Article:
Buying American: Why “Made in the USA” Trumps Corporate HQ Location
General Motors is headquartered in a glass office tower called the Renaissance Center, located in downtown Detroit. The distance from this building to the Canadian border is measured in feet rather than miles; you could walk to Windsor in minutes if not for the existence of the Detroit River. Because General Motors was founded in the United States, and because business operations have been based within U.S. borders for the company’s lifetime, most people think of GM as an American car company.
The reality is that GM is a global manufacturing company, based in Detroit, selling cars, trucks and SUVs on every continent save for Antarctica. In fact, GM sells more vehicles in China than it does in the U.S., making China the company’s biggest market.
Chrysler, based just up the freeway from GM in Auburn Hills, Michigan, has had quite the star-crossed history since Germany’s Daimler-Benz ingested it too rapidly and suffered a bad tummy ache afterwards. Daimler regurgitated Chrysler, which became a ward of New York City-based private investment firm Cerberus Capital Management and almost crashed and burned before Italy’s Fiat S.p.A. rescued it by purchasing a controlling interest in Chrysler. Today, Fiat owns a majority stake in the Pentastar. Yet, most people think of Chrysler as an American car company. Is it? Or is it Italian now, after having been German before?
WHAT DOES IT MEAN TO BUY AMERICAN?
Of course, GM and Chrysler don’t go out of their way to point this out to American consumers, the people whose allegiance to flag and country often drives them to choose a Buick, Cadillac, Chevrolet, Chrysler, Dodge, Ford, GMC, Jeep, Lincoln, or Ram even if something better might be available from a different automaker. “Buy American,” such car buyers proclaim, without considering substance and context.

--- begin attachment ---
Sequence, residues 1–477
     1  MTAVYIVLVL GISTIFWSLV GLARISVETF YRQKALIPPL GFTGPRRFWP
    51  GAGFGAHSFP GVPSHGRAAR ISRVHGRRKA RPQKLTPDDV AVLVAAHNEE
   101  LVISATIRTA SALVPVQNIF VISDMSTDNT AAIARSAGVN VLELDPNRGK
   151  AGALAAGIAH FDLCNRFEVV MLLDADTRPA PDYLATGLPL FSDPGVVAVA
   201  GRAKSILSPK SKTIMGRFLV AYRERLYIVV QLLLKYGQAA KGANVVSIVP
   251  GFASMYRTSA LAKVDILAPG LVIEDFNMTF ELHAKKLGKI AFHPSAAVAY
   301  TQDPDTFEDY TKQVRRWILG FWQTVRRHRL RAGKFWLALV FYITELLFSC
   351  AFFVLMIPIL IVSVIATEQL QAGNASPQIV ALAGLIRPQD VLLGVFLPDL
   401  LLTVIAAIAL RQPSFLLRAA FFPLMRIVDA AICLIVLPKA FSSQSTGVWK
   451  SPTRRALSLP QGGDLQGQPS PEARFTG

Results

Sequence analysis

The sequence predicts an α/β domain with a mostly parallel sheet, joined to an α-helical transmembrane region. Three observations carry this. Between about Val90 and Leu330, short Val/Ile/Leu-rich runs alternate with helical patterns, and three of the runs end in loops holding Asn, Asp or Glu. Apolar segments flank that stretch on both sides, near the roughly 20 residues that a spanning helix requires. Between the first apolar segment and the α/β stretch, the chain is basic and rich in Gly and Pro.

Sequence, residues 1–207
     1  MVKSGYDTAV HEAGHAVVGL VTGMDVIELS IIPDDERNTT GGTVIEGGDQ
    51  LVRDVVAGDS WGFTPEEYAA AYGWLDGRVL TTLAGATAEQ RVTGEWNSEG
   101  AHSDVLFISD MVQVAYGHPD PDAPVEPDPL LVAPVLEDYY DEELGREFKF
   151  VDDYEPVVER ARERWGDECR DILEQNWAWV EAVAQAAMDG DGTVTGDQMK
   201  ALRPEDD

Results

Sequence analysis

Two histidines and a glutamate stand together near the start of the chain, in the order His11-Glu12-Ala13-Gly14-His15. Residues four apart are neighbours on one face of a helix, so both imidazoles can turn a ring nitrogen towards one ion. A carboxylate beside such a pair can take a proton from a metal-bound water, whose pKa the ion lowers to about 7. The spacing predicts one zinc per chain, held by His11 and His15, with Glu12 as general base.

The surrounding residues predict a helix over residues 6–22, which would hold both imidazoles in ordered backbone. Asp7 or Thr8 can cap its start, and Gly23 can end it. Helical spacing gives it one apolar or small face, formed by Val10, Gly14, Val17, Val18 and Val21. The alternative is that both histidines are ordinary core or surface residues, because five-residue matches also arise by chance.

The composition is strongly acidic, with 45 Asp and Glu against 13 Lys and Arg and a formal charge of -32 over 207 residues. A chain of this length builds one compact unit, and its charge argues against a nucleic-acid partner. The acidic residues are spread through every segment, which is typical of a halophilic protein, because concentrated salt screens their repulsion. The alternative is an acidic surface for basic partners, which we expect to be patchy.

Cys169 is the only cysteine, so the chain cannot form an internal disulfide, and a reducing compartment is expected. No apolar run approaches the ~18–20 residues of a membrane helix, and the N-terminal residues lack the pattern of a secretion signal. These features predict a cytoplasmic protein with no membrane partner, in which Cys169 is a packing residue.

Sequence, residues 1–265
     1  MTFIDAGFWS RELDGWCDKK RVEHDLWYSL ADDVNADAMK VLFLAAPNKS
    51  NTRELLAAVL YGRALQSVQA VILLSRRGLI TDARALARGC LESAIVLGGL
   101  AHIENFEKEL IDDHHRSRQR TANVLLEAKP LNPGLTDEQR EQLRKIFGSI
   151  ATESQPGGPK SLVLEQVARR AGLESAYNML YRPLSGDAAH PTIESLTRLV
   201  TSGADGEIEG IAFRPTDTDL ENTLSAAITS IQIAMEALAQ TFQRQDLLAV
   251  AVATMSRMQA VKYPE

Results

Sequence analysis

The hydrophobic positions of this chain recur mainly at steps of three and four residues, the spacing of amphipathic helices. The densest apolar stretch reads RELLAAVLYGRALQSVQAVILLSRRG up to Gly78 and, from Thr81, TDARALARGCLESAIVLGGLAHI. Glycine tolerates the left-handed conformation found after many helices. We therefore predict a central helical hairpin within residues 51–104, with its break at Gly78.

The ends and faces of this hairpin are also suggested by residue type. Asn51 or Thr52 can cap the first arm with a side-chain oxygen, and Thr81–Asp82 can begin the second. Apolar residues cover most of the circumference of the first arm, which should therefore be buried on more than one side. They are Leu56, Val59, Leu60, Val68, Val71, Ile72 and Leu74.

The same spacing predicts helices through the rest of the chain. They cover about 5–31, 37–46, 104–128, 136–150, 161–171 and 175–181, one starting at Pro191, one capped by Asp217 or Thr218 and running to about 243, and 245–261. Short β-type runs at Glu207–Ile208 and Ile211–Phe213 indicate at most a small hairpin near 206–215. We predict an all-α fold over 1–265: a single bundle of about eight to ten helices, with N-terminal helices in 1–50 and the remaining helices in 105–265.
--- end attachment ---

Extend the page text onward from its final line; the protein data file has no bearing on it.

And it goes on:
I agree with that sentiment. The time has come for Americans to buy American as often as possible. We must shore up our manufacturing base, provide jobs for skilled labor, boost small-town economic revenues, and restore the American dream in the process. We must stop outsourcing everything we do to squeeze every last penny of cost out of production, or we won’t know how to produce anything but welfare recipients in the future.
QUARTERLY CORPORATE PROFIT TARGETS COME AT A LONG-TERM PRICE
Yes, companies must be profitable. I’m not advocating that a business operate at a loss. But one firm I used to work for felt that nothing less than double-digit net operating income would represent success. When you’re a $1B annual business, is making $100M in profit, or more, really worth stripping Americans of jobs and eviscerating the economy in the process? Only to Wall Street, which measures everything in dramatically shortsighted quarterly performance objectives.
BUY AMERICAN: THE NEW DEFINITION
In the globally driven economic marketplace of the 21st Century, we must redefine what it means to buy American. In my opinion, buying American should mean that the purchased product or service is made in the United States, by people who pay federal taxes, which fund our military, support our social safety nets like Social Security and Medicare, and pay for our schools. These American workers also generate state and local tax revenues, providing budget for fire and police departments, and shop at their local businesses, which keeps even more of our fellow Americans employed.
Taking this position means I’m advocating the purchase of a vehicle built in the U.S.A., and constructed out of as many domestically sourced parts as possible. This information is easily found on the window sticker of whatever car, truck or SUV you intend to buy. So check those window stickers, people. Buy something from an automaker relying on U.S.-sourced parts and domestic assembly — even if that happens to be a Toyota Tundra instead of a Ford F-150. Collectively, our goal must to keep America working, and by extension, keep the American economy the strongest and most resilient in the world.
– Christian Wardlaw
Full Disclosure: The author owns two vehicles that were assembled in Japan in the mid-2000s, and lately is feeling very guilty about it.
The Disclaimer: The views expressed in this opinion column are solely those of the author, independent of Speedy Daddy or Double Yellow Media.